In playing the violin or viola various kinds of tension can build up over time, tensions of which the player may not be aware. Having someone else move the player's arm or fingers and report what they observe can unmask unconscious habits of tension, and demonstrate that tension in hands and arms can originate elsewhere in the body.
We found it helpful in our group classes to observe what effect the tensing of different parts of the body had on the arms and hands. We took turns first being the “tester” who moved the arm of the “player” to imitate bowing and fingering movements, and second being the “player” who tensed and released in different ways. The tester then observed what effect the tensing and releasing had on the arm and hand of the “player”. *
Test “bowing”: The “tester” raises the arm of the player above the shoulder and back down (holding onto the arm by the fingers) while the “player” tenses and then releases jaw, tongue, face, neck and feet (see below).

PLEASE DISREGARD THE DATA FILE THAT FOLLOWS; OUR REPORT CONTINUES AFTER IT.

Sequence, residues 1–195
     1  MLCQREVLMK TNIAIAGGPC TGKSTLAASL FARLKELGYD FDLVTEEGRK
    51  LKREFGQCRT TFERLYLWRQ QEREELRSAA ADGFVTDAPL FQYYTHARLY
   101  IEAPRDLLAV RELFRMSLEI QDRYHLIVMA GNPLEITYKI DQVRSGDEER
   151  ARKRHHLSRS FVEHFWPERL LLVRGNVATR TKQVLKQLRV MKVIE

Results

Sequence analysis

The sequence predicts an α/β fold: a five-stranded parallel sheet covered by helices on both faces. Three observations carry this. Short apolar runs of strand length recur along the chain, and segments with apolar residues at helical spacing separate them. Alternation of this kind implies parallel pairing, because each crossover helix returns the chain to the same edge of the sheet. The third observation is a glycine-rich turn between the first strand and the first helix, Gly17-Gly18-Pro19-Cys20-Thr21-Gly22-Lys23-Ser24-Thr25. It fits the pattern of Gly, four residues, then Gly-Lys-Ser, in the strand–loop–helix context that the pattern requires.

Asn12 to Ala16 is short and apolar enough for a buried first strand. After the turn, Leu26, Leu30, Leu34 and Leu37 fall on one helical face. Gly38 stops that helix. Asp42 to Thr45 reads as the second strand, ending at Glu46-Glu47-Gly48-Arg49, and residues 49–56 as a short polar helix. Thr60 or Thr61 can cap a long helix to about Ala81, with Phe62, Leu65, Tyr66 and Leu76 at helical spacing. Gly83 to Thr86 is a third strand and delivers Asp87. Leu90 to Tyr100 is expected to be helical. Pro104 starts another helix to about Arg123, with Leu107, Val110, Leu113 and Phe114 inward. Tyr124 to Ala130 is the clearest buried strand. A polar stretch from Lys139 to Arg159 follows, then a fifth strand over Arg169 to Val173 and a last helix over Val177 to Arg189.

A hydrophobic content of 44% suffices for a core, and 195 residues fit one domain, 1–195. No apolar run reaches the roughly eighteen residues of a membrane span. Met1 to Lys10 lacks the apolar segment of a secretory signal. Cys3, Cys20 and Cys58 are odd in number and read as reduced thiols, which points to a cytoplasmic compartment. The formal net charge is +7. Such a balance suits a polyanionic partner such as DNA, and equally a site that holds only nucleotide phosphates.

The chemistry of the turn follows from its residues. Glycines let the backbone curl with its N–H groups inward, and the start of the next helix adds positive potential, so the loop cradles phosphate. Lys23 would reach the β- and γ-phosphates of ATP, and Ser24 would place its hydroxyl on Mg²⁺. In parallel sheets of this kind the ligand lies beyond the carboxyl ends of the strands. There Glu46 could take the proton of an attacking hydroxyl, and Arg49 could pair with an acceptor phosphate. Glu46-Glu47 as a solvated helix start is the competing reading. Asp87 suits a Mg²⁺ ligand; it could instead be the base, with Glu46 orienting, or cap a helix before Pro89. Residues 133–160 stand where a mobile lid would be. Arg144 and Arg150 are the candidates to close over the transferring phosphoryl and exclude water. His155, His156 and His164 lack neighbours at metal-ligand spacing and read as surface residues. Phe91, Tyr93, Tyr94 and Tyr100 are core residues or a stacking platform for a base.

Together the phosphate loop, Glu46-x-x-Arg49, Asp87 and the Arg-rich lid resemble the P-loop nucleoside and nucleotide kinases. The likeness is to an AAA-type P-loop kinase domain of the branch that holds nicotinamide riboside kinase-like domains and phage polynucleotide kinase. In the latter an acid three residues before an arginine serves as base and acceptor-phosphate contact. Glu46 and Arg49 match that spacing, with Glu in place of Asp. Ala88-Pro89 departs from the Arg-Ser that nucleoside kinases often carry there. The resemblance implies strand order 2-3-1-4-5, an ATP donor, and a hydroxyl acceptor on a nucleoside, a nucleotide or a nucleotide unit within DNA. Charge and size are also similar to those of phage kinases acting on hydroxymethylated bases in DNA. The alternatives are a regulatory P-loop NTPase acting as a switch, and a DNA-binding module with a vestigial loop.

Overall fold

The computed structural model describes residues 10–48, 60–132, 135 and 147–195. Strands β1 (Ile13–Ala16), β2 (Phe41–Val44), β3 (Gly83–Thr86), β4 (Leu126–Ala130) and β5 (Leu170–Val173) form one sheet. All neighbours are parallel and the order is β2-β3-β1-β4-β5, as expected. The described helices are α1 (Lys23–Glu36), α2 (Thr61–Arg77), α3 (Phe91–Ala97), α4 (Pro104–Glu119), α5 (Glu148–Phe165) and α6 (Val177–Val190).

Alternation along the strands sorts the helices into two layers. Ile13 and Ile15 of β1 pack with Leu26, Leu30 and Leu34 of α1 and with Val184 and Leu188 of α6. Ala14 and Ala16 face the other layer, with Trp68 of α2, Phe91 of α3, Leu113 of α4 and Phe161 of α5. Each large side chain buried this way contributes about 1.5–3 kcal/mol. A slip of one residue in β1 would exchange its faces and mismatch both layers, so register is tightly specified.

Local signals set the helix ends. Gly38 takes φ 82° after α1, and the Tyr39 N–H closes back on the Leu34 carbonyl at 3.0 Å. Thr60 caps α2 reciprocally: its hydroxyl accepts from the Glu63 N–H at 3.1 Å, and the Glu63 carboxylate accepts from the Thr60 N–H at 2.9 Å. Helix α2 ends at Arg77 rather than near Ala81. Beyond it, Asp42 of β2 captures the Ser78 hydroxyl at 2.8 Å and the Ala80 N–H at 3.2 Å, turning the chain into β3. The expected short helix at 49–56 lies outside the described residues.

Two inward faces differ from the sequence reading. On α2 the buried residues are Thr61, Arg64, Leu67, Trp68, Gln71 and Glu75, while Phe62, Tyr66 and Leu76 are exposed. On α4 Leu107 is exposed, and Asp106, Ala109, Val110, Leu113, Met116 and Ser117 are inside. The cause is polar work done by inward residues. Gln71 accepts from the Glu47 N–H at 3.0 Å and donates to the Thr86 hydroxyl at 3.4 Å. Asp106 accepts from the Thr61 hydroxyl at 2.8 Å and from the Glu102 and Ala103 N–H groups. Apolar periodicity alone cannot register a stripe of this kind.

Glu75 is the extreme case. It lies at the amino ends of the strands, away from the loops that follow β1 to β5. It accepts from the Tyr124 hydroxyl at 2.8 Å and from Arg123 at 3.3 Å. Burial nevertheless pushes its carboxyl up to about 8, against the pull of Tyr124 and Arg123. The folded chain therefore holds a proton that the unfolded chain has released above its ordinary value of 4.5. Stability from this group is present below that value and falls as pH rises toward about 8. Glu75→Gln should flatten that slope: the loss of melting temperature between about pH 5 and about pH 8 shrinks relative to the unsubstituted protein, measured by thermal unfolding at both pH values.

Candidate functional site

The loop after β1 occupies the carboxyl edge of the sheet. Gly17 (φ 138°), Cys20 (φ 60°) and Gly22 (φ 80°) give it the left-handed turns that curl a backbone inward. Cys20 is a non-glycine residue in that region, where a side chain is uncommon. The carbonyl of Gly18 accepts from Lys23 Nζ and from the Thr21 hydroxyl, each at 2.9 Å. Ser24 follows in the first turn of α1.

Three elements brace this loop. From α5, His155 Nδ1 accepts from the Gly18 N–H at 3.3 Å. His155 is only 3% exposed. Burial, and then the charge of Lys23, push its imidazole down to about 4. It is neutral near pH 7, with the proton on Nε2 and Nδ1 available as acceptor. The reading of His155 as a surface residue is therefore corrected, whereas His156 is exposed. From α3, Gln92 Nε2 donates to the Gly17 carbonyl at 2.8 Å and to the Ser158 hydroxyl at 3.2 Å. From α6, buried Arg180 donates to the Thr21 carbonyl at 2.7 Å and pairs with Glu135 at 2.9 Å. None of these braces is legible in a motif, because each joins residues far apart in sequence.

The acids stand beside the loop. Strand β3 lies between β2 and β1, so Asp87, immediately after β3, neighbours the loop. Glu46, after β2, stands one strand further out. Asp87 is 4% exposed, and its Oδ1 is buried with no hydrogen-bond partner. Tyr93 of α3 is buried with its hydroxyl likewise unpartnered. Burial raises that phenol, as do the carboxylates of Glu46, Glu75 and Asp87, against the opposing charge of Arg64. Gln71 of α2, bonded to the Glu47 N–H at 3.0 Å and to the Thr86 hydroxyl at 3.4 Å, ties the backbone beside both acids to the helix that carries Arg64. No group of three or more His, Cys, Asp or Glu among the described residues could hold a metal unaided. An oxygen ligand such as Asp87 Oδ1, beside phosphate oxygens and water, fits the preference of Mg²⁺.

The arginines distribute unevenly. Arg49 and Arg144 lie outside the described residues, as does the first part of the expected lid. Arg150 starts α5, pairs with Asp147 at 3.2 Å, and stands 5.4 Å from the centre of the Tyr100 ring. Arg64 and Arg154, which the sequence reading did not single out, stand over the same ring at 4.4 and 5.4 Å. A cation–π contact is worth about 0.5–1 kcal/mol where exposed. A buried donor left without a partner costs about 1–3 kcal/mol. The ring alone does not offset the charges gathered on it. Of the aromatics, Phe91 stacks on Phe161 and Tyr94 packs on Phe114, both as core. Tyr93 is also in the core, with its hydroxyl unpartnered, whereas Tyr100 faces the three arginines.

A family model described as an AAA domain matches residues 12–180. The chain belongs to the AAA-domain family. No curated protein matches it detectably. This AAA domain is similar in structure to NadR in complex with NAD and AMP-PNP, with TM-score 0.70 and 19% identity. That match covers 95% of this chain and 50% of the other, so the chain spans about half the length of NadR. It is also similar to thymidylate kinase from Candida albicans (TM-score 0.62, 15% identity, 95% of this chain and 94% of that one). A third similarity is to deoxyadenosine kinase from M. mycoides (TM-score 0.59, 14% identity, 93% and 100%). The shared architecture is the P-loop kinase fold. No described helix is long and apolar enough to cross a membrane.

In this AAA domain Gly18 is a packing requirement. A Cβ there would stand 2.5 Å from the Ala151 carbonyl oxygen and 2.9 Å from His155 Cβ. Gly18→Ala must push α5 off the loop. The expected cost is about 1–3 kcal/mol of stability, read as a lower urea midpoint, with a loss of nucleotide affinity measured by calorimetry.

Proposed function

Test “fingering”: The “tester” holds the wrist of the “player” in his hand and wiggles the fingers of the player while the “player” tenses and releases again in the following ways:
Alternately tense and release while tester “bows” or “fingers” for you:
Jaw: Bite, pressing lower teeth against upper teeth and holding
Tongue: Press tongue against top of mouth
Face: Push brow down into a frown as if “angry” or over-concentrating
Neck: Tilt head to the left, or stick chin out to grab “violin” (Putting head in different playing positions)Feet/Legs: Curling toes as if gripping the floor
The musicians found that tension in any of these parts of the body affected performance in the arms and hands. For example, curling the toes resulted in stiffening of the bow hand.
*We used a similar procedure to show that the pressure of the shoulder rest on the top of the shoulder joint can also interfere with movement in both arms and hands, see playing technique >>left shoulder.